Wednesday, March 9, 2011

Is SmartWater Smart?

In recent years, enhanced water beverages have risen to prominence in American drink markets. SmartWater, VitaminWater, and Skinny Water are three such products that have emerged as competitors of natural H2O. But what ingredients exactly "enhance" these drinks and are these additives necessarily beneficial?

SmartWater, introduced by Glaceau in 1998, is a no-calorie drink that adds electrolytes to distilled spring water. This results in a crisper tasting water that Glaceau’s website equates with “the first drop of rain.” While electrolytes are essential for various functions of the body, most people, according to nutritionist Nancy Rodriguez, manage to replenish their body's supply through food and tap water.  Additionally, since SmartWater is sodium-free, it is not actually recommended as a sports drink for athletes. Some people believe the taste and style of SmartWater outweighs its cost, but nonetheless it is not an inherently “better” water product.  

VitaminWater, meanwhile, has raked up a number of complaints since its introduction in 2000.  Touted as a nutrition and hydration drink, VitaminWater’s brilliant advertising can distract consumers from the fact that it contains 33 grams of sugar  (equivalent to eight teaspoons!) per bottle.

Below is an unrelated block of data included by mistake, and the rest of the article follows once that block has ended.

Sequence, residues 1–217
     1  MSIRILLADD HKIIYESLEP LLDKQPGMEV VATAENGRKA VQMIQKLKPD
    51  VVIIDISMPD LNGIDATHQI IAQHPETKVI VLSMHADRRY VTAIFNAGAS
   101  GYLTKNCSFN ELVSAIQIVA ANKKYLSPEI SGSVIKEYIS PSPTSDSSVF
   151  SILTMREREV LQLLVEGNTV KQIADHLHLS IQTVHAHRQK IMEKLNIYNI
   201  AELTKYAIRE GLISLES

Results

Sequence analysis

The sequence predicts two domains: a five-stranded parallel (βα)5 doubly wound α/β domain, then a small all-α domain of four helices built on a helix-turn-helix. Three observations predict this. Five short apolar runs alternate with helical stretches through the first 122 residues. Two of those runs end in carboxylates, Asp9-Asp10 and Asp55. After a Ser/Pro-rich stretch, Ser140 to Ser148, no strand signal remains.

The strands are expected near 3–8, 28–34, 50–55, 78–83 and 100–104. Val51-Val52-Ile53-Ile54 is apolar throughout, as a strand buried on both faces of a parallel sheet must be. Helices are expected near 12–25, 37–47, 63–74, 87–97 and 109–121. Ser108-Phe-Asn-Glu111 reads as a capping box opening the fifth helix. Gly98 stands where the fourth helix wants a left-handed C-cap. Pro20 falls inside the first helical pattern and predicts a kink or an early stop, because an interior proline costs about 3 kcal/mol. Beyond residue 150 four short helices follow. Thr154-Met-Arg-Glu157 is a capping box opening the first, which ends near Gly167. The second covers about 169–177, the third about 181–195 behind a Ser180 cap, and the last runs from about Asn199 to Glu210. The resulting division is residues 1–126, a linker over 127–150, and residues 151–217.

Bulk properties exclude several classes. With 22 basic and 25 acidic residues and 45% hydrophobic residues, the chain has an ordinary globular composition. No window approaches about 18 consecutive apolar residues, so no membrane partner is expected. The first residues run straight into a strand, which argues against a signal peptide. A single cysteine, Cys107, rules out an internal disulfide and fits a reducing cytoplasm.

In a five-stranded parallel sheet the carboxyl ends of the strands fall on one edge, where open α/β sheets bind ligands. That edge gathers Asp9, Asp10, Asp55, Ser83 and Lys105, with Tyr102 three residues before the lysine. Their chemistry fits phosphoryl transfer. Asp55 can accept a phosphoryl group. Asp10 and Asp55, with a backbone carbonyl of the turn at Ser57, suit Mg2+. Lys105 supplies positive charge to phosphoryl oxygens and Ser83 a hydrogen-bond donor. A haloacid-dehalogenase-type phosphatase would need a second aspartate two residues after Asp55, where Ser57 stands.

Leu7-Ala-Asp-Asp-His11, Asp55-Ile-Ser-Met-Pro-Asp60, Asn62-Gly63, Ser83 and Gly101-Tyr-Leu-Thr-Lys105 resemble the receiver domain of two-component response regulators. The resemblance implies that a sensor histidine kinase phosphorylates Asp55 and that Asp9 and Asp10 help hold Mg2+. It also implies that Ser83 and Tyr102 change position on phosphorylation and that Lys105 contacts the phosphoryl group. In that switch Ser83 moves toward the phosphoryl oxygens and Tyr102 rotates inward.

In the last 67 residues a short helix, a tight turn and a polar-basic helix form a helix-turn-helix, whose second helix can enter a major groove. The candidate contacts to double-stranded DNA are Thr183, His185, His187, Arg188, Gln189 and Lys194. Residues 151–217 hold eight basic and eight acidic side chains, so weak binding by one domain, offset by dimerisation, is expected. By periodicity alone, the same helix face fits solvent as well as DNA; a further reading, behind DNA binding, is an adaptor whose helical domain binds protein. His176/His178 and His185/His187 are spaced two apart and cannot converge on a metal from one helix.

As Sally Greenberg, Executive Director of the National Consumers League points out, “two-thirds of Americans are overweight or obese; the last thing people need is sugar water with vitamins you could get from eating a healthy diet, or taking a vitamin pill.” Furthermore, the supplementary vitamins found in vitamin water might not even be beneficial, since, according to the 2010 Dietary Guidelines Advisory Committee Report, most Americans do not need a daily vitamin supplement.

VitaminWater has been criticized for not adhering to FDA regulations specifying that a product’s name should reflect its most prominent ingredients. In this case, "VitaminSugar" or "SugarWater" might be more appropriate. It has also been attacked for running ads that suggest the beverage has powers it doesn’t (a recent tag line: “vitamin water. flu  shots are so last year”). While VitaminWater might be better than a can of soda, it is no replacement for actual water. 

Skinny Water, introduced in 2006, contains 0-calories, 0-grams of sugar, and, according to its website, "0-guilt." Skinny Water's claim to fame is its weight-loss component thanks to ingredients Super Citrimax and the green tea antioxidant EGCG.  The dubious benefits of these ingredients aside, how can a beverage containing sucralose (Splenda), flavoring, coloring, and fruit extracts promote itself as "water?” Emily Mitchell, the dietician quoted on Skinny Water's website, states, "after reviewing the ingredients, I believe Skinny Water is an excellent, sugar-free and healthy alternative to traditional, high-calorie carbonated soft drinks." While Skinny Water may be a healthier choice than soda, it is misleading to advertise it as a "water." Being called a better alternative than soda is not high praise, nutritionally.   

In the end, a final consideration when purchasing any form of bottled water is its environmental impact. While innovations and upgrades are made constantly, including a glass-bottle SmartWater product, perhaps it might be best to stick with the less glamorous but still effective option when it comes to quenching thirst:  filtered tap water.
Post by Margaret Buff.

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